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Pass-room, Bridewell , print, London, England, 1808
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Pass-room, Bridewell , print, London, England, 1808, result 1 of 1

Item Details
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Title
Pass-room, Bridewell , print, London, England, 1808
print. aquatint, col. Pass-room Bridewell
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Work Type
Art
Date
1808
Location
London
Material
aquatint
paper
Measurements
overall: 268 mm x 330 mm
Description
print. aquatint, col. Pass-room Bridewell. Hill after Rowlandson. 1808. published Ackerman's Repository of Arts. plate 12.[women in asylum interior] overall: 27x33.2cm; platemark: 23.6x28.2cm
Bridewell Hospital was a house of correction : a prison for the homeless, criminals, unmarried mothers and prostitutes. To prevent inmates re-offending and to correct their wrong-doings, they were made to do hard physical labour some were subjected to beatings. This print shows women and young children, with straw filled stalls to sleep in. 'Bridewell became the general name for houses of correction throughout England. The hospital remained open from 1553 to 1855.
This print appeared as one in a series of illustrations looking at London s architecture called The Microcosm of London, published 1808-1810. The buildings were drawn by Augustus Charles Pugin (c. 1762-1832), a French draughtsman, and the figures were drawn by Thomas Rowlandson (1764-1834), a celebrated British caricaturist.
Bridewell Hospital was a house of correction : a prison for the homeless, criminals, unmarried mothers and prostitutes. To prevent inmates re-offending and to correct their wrong-doings, they were made to do hard physical labour some were subjected to beatings. This print shows women and young children, with straw filled stalls to sleep in. 'Bridewell became the general name for houses of correction throughout England. The hospital remained open from 1553 to 1855.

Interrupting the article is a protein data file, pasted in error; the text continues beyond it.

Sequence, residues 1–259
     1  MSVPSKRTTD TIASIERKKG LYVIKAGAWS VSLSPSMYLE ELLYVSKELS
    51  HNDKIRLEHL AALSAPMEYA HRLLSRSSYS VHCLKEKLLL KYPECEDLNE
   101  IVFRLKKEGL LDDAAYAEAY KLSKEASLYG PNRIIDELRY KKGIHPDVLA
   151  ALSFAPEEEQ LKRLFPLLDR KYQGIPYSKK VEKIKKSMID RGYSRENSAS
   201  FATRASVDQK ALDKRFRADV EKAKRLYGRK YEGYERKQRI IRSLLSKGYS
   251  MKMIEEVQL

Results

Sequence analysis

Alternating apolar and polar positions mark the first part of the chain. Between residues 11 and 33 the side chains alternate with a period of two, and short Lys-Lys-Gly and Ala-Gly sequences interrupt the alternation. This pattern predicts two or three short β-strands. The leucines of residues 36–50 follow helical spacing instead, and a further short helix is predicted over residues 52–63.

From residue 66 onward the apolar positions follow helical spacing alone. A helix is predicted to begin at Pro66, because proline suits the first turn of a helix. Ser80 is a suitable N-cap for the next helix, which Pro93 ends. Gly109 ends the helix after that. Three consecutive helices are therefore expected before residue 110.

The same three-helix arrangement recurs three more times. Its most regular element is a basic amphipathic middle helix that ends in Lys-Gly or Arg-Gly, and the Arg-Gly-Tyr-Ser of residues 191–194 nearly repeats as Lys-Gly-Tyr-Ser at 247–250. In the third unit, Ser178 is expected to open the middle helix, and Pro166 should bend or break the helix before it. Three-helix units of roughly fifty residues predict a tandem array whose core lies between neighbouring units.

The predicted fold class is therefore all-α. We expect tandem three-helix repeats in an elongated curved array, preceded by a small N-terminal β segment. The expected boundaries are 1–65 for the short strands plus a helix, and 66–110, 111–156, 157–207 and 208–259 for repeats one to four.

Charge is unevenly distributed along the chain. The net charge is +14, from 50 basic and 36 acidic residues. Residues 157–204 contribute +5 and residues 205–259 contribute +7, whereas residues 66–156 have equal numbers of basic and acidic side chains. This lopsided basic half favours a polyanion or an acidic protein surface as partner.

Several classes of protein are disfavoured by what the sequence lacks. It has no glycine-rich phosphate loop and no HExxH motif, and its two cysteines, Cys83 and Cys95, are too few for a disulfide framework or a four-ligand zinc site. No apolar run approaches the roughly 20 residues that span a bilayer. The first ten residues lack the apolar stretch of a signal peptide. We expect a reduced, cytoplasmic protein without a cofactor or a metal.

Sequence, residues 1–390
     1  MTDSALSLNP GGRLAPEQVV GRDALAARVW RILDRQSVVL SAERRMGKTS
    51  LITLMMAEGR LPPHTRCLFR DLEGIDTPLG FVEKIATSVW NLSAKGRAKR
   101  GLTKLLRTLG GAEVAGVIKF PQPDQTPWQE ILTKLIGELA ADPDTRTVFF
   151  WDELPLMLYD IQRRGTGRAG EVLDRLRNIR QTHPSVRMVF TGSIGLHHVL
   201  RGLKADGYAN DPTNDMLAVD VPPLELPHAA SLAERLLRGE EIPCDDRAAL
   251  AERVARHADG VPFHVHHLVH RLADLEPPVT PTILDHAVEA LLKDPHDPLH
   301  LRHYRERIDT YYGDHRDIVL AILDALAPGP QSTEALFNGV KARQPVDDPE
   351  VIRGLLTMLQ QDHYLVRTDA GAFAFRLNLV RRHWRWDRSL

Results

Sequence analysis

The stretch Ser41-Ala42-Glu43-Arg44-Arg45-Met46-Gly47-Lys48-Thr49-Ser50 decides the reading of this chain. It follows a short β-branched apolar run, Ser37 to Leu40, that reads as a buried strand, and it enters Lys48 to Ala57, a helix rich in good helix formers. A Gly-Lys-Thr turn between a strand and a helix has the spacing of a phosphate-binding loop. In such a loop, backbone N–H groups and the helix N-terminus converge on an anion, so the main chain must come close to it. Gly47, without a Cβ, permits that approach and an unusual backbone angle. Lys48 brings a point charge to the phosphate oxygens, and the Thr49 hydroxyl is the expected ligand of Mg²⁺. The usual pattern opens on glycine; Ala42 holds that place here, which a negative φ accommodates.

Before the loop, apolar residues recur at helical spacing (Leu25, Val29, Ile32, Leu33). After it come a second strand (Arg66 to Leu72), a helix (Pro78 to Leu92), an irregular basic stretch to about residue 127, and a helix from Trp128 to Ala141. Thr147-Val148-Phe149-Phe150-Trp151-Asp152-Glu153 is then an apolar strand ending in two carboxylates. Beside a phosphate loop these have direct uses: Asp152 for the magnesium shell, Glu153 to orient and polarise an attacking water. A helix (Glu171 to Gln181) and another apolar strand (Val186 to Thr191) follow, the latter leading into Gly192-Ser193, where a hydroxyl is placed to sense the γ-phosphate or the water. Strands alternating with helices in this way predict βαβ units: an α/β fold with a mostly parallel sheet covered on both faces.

This print appeared as one in a series of illustrations looking at London s architecture called The Microcosm of London, published 1808-1810. The buildings were drawn by Augustus Charles Pugin (c. 1762-1832), a French draughtsman, and the figures were drawn by Thomas Rowlandson (1764-1834), a celebrated British caricaturist.
Accession Number
Subject
print
ID Number
co8023731
Source
Image and original data from Science Museum Group
Rights
The source metadata displayed in the Description field is released under a Creative Commons Attribution 4.0 license.
All other source metadata is released under Creative Commons Zero.
File Properties
File Name
large_1987_0700_0001.jpg
SSID
26311462

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